‘Picture Gallery’, Berlin City Palace, c.1890

‘Picture Gallery, Royal Palace, Berlin, Germany’

Keystone View Company

c.1890

bildergalerie stadtschloss berlin

The picture gallery was built c.1713 by Schlüter’s successor as architect, Johann Friedrich Eosander. It was 60m long, had yet another richly-painted ceiling and was formerly hung with enormous canvases showing Prussian military victories. Unfortunately many of the paintings were destroyed during World War Two. Perhaps the gallery’s most spectacular feature was a sculptural group at one end (not shown in the stereoview) which depicted some of the figures losing their balance and tumbling out of the composition. The picture gallery was gutted by fire in 1945 and the remains were demolished in 1950.

Rittersaal, Berlin City Palace

‘Throne Room, Royal Palace, Berlin’

Keystone View Company

c.1900

berlin rittersaal view

Raumbild-Verlag

c.1935

rittersaal throne room berliner stadtschloss

The two stereoviews show the Rittersaal or Knights’ Hall, completed by Andreas Schlüter for Frederick I of Prussia c.1705. It was probably the finest of the Berlin City Palace’s 700 rooms. (The famous Amber Room, designed by Schlüter in 1701, was also a strong contender for the title until it was given to Tsar Peter the Great by Friedrich Wilhem I in 1716). Above the doors Schlüter added sculptural groups depicting America, Africa, Europe and Asia. The corners were filled with allegorical figures representing the seasons and times of day. The Baroque ceiling was painted by Johann Friedrich Wentzel with mythological gods from which hung rock crystal chandeliers. A pre-war vistor described the Rittersaal as “one of the most sumptuous in the world…and, with the possible exception of the Salle de Fetes in the Luxembourg Palace in Paris, it was certainly the finest Throne room in Europe”. The Rittersaal was destroyed by incendiaries during an air-raid on Berlin in February 1945 and the gutted shell of the palace was demolished in 1950.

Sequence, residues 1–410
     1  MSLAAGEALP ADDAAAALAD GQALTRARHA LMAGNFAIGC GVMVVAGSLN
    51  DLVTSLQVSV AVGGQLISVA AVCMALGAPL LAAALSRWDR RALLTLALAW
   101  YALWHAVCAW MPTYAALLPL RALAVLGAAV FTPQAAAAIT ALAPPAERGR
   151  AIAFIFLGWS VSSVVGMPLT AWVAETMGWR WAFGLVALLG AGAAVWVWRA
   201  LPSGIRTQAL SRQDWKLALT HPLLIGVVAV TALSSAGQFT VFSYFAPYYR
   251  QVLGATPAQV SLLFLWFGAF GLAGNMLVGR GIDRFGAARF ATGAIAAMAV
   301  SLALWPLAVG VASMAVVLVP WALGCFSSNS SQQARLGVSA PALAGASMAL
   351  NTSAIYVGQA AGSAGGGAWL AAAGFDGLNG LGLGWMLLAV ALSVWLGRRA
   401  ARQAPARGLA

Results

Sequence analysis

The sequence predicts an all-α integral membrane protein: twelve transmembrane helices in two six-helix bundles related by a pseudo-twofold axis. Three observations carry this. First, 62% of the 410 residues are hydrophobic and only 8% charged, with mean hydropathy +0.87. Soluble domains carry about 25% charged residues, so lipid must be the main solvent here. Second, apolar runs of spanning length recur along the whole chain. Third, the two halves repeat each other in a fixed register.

Gigantentreppe, Berlin City Palace, c.1935

‘Staircase detail in second court of castle, Berlin’

Raumbild-Verlag

c.1935

berlin staircase schloss

Although parts of the Stadtschloss dated back to the 15th century much of it was the brain-child of the sculptor and architect Andreas Schlüter. Schlüter was commissioned by Elector Frederick III of Brandenburg (later King Frederick I of Prussia) in 1697 to transform the Renaissance castle into a Baroque palace. Schlüter designed a remarkable sequence of state apartments for the king, most of which remained intact until the 20th century. These apartments were accessed via the main staircase. Known as the Gigantentreppe because of its immense size it rose through three floors. Instead of steps the staircase had cobbled ramps to allow the king and his retinue to ride into the palace on horseback. The stereoview shows just a small part of the Gigantentreppe with one of Schlüter’s superb life-sized atlantes from c.1700. One of the most inventive and lavish Baroque spaces in Europe, the Gigantenreppe was largely destroyed during World War Two and its remains were demolished in 1950. The majority of the exterior of the Berlin City Palace is currently being reconstructed at its original location at a cost of around £500 million. Unfortunately there are no plans to reinstate any of the interiors, including the Gigantentreppe.

Berlin City Palace, Germany, c.1900

‘Royal Palace, Berlin, Germany’

Keystone View Company

c.1900

berlin schloss

Unfortunately none of the more easily available stereographs of the exterior of the Berlin Stadtschloss work particularly well as an animated stereo image. There is often the lack of perspective necessary to throw the foreground and background away from each other, and the sheer size of the building was probably another factor. I’ve added this image to show something of the problem. The structure to the right was the colossal Kaiser Wilhem Monument, only a small part of which is shown in the stereoview. It was completed in 1897. It faced the palace’s Eosander Portal, designed by Johann Eosander and completed c.1710. Its three arched entrances and classical motifs were based on the Arch of Septimius Severus in Rome. The palace’s dome was (to my mind) a rather regrettable addition from the mid-19th century. Both the Wilhem Monument and the Eosander Portal survived World War Two relatively intact but they were both demolished along with the rest of the palace in the 1950s.